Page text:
And so here we are, looking at a winter that is likely to be the worst of the scourge since the beginning. If you believe recent pronouncements by Dr. Fauci in the U.S., we won’t “approach” a return to normalcy until the third or fourth quarter of next year — and that’s only IF safe and effective vaccines are made available on a massive scale and used by the great majority of our populations. Which, to me, means that next year will be a bust too.
This isn’t the place to discuss what that will mean to our ability to enjoy live music again. The challenges, at least in the U.S., will be enormous, not only because of the virus risks but because of the mass death of metal venues that has been occurring and will continue to occur. But as Jeff Goldblum famously pronounced, “Life Finds A Way”. And so it has been exhilarating, even “life affirming” (to use a cliched phrase), to see that not even a deadly disease coupled with economic calamity can’t keep creative people from creating.
We continue to be blessed, after all these horrible months, with a continuing flood-tide of metal, and so much of it so very good. In different ways, we all try to fight against what has happened to our lives, and we mourn those who are less able to fight — mentally, emotionally, physically, or for the sheer lack of economic resources — and those who have succumbed. For musicians, that need to fight can create music, and we are grateful for that. What they do can give us aid in our own struggles.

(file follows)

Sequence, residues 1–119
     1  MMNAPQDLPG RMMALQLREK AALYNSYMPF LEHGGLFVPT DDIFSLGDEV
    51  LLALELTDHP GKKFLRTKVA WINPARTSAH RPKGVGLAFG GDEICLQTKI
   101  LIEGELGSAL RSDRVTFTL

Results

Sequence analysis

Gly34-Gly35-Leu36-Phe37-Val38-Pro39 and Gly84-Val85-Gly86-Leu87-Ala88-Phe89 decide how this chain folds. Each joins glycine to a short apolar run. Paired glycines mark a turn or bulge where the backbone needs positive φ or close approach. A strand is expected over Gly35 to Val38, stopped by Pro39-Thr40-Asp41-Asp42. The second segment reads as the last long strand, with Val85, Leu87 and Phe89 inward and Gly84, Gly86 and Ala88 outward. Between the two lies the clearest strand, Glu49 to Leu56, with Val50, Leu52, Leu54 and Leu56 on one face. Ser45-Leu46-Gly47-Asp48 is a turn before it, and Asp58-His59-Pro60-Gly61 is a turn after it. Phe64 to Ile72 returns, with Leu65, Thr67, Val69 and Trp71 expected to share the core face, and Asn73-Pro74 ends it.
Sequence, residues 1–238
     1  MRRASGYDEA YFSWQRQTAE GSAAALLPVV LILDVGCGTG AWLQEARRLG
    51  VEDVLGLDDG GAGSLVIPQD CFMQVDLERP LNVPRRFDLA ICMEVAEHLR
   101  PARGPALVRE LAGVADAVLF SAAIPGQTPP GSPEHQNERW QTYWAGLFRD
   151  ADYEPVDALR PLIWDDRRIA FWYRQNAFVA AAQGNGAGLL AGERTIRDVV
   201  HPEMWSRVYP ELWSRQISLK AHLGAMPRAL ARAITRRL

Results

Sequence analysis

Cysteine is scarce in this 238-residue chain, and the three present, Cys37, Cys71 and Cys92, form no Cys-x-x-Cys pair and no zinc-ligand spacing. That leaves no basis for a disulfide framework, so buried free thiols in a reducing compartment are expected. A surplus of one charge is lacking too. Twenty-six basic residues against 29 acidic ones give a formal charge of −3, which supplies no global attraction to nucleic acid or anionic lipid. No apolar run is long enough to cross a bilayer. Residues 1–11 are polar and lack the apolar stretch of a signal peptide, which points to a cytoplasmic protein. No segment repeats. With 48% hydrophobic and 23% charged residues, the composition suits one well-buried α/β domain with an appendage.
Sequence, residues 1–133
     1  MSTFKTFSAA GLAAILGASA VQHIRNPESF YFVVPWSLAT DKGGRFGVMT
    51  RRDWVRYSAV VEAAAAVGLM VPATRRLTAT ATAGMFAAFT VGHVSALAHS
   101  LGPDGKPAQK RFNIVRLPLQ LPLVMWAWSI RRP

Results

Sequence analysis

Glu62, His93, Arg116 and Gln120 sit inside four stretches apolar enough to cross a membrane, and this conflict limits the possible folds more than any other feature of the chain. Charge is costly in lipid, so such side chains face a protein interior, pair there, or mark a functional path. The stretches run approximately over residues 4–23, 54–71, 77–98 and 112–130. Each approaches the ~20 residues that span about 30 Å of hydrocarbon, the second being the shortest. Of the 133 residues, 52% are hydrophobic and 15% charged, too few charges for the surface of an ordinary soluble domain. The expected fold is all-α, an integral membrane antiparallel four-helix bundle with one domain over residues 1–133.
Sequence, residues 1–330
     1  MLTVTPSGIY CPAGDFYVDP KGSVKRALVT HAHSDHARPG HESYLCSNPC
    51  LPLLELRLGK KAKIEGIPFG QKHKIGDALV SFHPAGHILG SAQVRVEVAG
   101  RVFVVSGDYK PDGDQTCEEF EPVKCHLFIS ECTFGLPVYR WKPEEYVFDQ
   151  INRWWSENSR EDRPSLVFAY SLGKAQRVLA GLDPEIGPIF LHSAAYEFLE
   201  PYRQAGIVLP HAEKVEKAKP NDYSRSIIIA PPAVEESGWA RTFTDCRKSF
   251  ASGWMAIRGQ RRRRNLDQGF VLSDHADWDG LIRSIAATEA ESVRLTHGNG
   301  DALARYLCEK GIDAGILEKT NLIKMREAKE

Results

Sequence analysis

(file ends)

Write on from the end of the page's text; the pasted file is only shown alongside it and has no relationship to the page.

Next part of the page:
So, a lot of things have changed in 11 years — and it seems in some ways that the changes brought by the last year make the previous 10 seem like ancient history. But the fundamentals of NCS haven’t changed: We still only write about music we enjoy and honestly want to recommend; we still don’t take money from anyone for anything; we still don’t take ourselves too seriously; and we still have a knowledgable, respectful, and almost completely troll-free community of readers and commenters whom we cherish.
And now for the annual round-up of boring statistics!
Since we launched NCS eleven years ago, we’ve published 12,350 posts, including this one — and 992 of those have appeared in the 12 months since our last birthday, which is a somewhat larger number than we posted in our tenth year of existence and averages out to 2.87 posts a day, including weekends.